During the so-called apprenticeship years of The Beatles, Paul McCartney cut his teeth playing bass guitar. He reluctantly picked up the bass, when no one else in the group wanted it, after their original bassist Stuart Sutcliffe left The Beatles in 1961. Yet almost overnight McCartney would make this instrument truly his own.
Many critics would argue that John Entwistle was one of the first (if not the first) to truly popularize the bass guitar’s importance from simply just being a link between the drums and lead guitars. I would argue that honour should go to McCartney, who I believed changed popular music with the bass lines he wrote. His memorable bass guitar work is littered throughout many of The Beatles best songs. Choosing one over the other is difficult for a Beatles fan like myself. Nonetheless, the following below are five gems that I love and repeatedly play on my stereo.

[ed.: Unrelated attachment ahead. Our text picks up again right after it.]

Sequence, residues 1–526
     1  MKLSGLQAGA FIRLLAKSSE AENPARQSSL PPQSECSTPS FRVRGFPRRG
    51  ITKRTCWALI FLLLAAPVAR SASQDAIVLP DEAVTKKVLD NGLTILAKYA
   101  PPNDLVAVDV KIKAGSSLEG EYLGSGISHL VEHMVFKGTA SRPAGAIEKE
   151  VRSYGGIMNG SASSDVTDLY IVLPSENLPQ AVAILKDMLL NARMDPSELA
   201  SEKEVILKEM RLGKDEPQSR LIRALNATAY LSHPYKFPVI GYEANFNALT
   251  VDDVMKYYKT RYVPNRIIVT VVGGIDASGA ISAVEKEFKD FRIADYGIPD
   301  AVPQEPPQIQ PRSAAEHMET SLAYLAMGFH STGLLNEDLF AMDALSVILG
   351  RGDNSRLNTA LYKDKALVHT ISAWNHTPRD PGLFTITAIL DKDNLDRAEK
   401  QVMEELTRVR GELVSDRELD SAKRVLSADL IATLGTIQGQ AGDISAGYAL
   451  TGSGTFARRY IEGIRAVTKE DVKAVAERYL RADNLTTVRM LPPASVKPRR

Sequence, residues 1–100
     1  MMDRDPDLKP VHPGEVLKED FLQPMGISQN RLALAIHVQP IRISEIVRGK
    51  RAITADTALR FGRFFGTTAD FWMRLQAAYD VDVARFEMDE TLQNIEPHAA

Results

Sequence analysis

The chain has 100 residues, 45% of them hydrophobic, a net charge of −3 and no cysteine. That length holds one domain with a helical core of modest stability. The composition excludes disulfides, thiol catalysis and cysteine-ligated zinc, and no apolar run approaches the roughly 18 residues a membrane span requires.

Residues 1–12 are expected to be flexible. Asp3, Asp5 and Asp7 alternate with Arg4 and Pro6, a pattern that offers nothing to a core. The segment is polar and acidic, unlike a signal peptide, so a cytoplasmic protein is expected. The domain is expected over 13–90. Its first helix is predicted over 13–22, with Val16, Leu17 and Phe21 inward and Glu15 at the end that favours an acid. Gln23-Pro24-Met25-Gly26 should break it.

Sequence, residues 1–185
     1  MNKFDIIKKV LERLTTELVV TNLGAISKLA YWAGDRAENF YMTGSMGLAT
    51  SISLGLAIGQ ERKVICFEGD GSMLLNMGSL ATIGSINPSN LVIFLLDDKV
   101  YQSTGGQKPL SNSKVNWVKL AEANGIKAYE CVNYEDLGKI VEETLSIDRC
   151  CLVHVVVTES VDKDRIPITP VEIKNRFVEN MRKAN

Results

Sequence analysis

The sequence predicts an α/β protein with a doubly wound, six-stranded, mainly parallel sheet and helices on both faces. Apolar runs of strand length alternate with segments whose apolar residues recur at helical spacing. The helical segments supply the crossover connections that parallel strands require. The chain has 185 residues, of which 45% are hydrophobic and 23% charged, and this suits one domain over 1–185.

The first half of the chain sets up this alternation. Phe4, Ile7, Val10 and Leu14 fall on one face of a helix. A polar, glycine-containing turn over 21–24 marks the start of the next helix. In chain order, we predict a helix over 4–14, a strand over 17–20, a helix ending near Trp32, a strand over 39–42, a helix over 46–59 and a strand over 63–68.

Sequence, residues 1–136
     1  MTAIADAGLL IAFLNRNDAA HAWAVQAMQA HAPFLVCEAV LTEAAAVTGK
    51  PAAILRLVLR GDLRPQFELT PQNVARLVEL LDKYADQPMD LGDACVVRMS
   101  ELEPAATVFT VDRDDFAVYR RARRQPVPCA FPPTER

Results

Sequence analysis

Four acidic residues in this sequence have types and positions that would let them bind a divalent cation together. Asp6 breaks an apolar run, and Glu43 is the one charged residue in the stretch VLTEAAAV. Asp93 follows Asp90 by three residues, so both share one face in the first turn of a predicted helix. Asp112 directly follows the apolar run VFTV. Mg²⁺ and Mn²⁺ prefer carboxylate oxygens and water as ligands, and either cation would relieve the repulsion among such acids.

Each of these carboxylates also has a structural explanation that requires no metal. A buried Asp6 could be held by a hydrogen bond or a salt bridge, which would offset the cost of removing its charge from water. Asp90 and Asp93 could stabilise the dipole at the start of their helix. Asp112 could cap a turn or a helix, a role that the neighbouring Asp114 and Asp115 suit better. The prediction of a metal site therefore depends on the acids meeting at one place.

To start with, lets start talk about the gorgeous ballad Michelle. In short, McCartney’s moody bass sets the whole tempo for the song. It fades in and out brilliantly, somewhere in the middle of John and George’s acoustic guitars and Ringo’s hi hat’s, and I can’t help but to wonder how he manages to get it to sound so good. Later, of course, I discovered that he achieved it by ‘finger picking’ at the strings.
What can I say about my next pick that hasn’t already been said about Day Tripper. At first, all we hear is George Harrison’s gutsy guitar hook, but when McCartney comes in, matching George’s playing, all hell breaks loose as the song builds and peaks. It’s a classic that you can never get tired of.
If you love Day Tripper, then you will love Paperback Writer, which could be said to be arguably The Beatles answer to The Who’s song My Generation, where McCartney’s bass guitar effectively becomes a lead guitar. It delivers arguably one of the best amplified bass riffs that I first heard that really knocked me over.
Most critics will pick Come Together as McCartney’s greatest moment as a bassist. I say that moment came with Dear Prudence. Both songs, of course, have exceptional bass riffs. McCartney’s sliding technique on Come Together is sublime, but for me, Paul’s pulsating almost hypnotic atmospheric bass in Dear Prudence steals the show!